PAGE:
St. Louis, MO (KMOV) — The number of carjackings in St. Louis and the state are on the rise and it’s getting the attention of Missouri Attorney General Eric Schmitt.
Monday morning, Schmitt announced a new law to fight carjackings. The plan is to introduce a new state law that allows law enforcement to more effectively prosecute and document carjackings.
The law would let prosecutors charge a carjacker with motor vehicle hijacking rather than a broad robbery charge, which is the current case.
Schmitt said this separate statue allows more accurate tracking and increases the carjacker’s sentence.
The main issue with prosecuting and reporting carjackings in Missouri is the lack of a uniform charge or sentencing. Some carjacking incidents are charged as first degree robbery, second degree robbery or stealing. This can lead to Class A, Class B or Class D felonies.
With a carjacking statute, the baseline classification is a class B felony, but the use of deadly weapons or dangerous instruments as well as the victim being a child under 17 or a special victim would elevate the offense to a class A felony.
Essentially, if a suspect attempts or commits a carjacking with a gun, the minimum sentence would be 10 years, with the highest possible sentence being life in prison.
“There’s always more we can do, and should do – especially while Missourians continue to worry about falling victim to violent crime in their own neighborhoods. Grandfathers shouldn’t have to worry about having their cars violently stolen on the streets they’ve lived on for years, and families shouldn’t have to avoid certain parts of town for fear that they’ll be carjacked.” said Schmitt during the press conference.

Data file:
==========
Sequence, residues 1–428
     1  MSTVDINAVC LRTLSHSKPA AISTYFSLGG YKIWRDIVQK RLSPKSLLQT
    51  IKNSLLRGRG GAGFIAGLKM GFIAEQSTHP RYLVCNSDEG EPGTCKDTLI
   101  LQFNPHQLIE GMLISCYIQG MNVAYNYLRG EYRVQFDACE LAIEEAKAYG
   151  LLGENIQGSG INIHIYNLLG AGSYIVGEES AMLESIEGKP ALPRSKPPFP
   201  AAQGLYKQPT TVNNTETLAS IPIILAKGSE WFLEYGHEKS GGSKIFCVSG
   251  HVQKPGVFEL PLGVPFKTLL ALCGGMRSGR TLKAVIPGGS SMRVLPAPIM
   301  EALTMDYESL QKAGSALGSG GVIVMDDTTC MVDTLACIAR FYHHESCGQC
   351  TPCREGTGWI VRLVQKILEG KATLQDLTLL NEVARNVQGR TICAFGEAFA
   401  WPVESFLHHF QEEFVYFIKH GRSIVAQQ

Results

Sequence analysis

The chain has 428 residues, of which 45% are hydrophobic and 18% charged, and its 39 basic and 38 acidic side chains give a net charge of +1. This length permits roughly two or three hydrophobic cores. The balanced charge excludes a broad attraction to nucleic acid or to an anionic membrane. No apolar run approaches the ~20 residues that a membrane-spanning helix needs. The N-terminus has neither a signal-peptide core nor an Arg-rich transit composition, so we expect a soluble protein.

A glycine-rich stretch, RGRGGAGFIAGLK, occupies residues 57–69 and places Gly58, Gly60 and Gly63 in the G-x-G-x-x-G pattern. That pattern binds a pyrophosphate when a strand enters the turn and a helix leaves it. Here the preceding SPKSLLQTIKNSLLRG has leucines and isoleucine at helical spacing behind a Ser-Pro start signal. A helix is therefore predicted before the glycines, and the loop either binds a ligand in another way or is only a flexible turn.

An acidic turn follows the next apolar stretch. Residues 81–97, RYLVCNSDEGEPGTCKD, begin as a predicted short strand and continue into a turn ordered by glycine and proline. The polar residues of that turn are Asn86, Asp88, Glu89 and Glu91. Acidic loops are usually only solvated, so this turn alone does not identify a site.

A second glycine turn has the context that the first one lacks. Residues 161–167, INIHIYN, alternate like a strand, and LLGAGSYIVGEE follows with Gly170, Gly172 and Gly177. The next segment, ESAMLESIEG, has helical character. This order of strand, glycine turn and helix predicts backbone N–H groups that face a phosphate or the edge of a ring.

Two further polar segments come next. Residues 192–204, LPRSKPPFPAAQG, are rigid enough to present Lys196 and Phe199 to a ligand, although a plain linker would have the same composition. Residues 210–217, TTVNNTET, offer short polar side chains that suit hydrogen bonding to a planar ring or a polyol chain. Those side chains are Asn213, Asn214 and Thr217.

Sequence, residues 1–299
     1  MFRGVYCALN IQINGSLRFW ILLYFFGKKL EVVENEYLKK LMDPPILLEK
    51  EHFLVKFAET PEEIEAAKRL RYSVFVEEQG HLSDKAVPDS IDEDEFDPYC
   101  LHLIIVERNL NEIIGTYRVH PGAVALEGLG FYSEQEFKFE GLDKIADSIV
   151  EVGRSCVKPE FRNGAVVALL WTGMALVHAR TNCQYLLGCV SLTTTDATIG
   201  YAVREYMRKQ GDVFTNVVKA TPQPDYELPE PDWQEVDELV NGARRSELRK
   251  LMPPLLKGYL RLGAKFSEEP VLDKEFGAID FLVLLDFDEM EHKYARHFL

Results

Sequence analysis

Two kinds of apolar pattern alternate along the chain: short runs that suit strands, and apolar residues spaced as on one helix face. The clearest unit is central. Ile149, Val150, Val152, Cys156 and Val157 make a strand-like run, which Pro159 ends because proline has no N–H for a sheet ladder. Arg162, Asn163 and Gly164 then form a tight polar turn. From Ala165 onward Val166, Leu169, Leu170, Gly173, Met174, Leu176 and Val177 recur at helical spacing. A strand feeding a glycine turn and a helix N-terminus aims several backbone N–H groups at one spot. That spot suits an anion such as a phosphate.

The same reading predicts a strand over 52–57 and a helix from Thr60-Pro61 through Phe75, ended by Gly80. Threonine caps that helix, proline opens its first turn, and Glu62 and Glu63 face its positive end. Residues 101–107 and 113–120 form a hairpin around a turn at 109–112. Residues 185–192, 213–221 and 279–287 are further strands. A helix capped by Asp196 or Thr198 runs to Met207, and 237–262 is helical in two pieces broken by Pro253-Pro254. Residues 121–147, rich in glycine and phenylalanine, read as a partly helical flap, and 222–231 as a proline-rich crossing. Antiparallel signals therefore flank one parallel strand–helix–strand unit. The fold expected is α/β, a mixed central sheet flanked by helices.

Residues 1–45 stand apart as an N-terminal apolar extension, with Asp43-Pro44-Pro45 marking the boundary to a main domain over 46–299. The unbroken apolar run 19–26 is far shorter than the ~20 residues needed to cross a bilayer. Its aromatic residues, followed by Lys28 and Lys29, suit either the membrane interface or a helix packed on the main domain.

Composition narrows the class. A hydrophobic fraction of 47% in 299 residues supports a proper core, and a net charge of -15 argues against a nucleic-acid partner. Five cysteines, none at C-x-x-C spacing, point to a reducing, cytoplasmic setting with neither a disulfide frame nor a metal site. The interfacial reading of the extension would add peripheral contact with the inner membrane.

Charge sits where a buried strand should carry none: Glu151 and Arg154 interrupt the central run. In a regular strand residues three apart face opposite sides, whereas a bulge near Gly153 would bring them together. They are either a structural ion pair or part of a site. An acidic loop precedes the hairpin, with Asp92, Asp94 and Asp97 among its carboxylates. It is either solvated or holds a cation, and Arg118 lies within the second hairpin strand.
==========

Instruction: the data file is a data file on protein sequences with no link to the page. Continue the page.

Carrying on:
News 4 has reported on three recent carjackings: A nurse who was carjacked on a hospital parking lot, a carjacking outside a West County restaurant and one that took place in a Schnucks parking lot.
In 2018, city police records showed 350 carjackings in St. Louis City alone. In January, records show city police investigated 26 carjackings.
Schmitt and several other state leaders including State Senator Bob Onder and State Representative David Gregory announced the anti-carjacking plan.
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